With the post-season at the midpoint, it’s time again for a review of matters around the league. In this installment, the Sharks finish the Wings, the Eastern Conference goes on vacation, and the league puts out a fire in the desert. Maybe.
Not much happening on the local front, since the team apparently needs more time to decide who should be the GM. As Kent and I discussed on Matchsticks and Microphones, the delay has made both of us a touch suspicious. If the Flames had settled on Feaster, what conceivable reason could there be to prevent announcing that fact? No matter who gets the job, it does appear, as Scott Cruickshank reminded us yesterday, that the club is living up to its reputation as one that acts at the speed of sloth.
On the player front, Cory Sarich had a few words with Vicki Hall, and beyond his self-confessed surliness when confronted with the sight of hockey on the tube, the primary item of interest was his injury status. He specifically mentioned that the cortisone shot he took appeared to wear off after about a month. Been there, done that, and I’m not remotely surprised to hear that answer from Sarich. Anti-inflamatories can only take you so far.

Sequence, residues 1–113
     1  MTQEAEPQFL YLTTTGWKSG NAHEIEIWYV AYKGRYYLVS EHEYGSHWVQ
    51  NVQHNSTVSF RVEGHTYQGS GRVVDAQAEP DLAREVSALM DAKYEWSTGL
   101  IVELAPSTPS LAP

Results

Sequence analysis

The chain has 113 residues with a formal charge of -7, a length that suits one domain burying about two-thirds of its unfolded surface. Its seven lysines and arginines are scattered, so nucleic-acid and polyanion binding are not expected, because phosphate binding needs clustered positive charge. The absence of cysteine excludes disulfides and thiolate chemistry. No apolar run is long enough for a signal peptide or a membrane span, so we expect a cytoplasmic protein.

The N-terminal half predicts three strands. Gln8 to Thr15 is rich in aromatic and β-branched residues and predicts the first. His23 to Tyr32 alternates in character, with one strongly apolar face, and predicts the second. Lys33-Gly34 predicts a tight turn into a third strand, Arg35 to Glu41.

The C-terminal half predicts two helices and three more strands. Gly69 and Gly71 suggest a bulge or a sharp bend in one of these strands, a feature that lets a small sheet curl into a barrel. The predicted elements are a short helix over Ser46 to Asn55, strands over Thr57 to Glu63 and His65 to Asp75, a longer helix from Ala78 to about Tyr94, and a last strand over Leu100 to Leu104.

Calgary’s main team and AHL franchise have been on holiday since mid-April, but a few young men of note have continued their work this spring. In the WHL, Max Reinhart was in on the two Kootenay OT winners this week, the second of which has them a victory away from the Memorial Cup tournament. He’s had a wonderful run through the post-season, topping the Ice in goal scoring thus far, and having watched several playoffs games, he seems full value for the numbers. Kootenay can close the series with a victory tonight in Portland.
Meanwhile, two Swedes of interest are in the final four at the World Championships. Mikael Backlund’s icetime has been a bit sporadic, and the 30 seconds I saw him play versus the Germans was long enough to see him make a Sparklepants-worthy pass that lead to a goal against. He was really struggling in the tournament, so his fine effort this morning versus the Czechs was more along the lines of what Flames’ fans would hope to see.
On the backend, Tim Erixon has been a regular for the Swedes on the blueline ths far, and at least to this juncture of the proceedings he’s never really looked out of place for Tre Kronor. I’ll put a marker down right now; if he plays as many 60 games in the AHL next year before becoming a full time NHLer, I’ll be surprised.
A few memes have been killed off through two rounds, and as much as I’d rather see other teams in the Conference final, the Canucks and Sharks are participants on merit. This is a point I’ve made on Twitter, but it bears repeating here. The regular season Fenwick-tied numbers for the teams in the first round of the Western Conference playoffs read as follows:
VAN .539 – CHI .540
S.J. .537 – L.A. .508
DET .536 – PHX .499
NSH .511 – ANA .464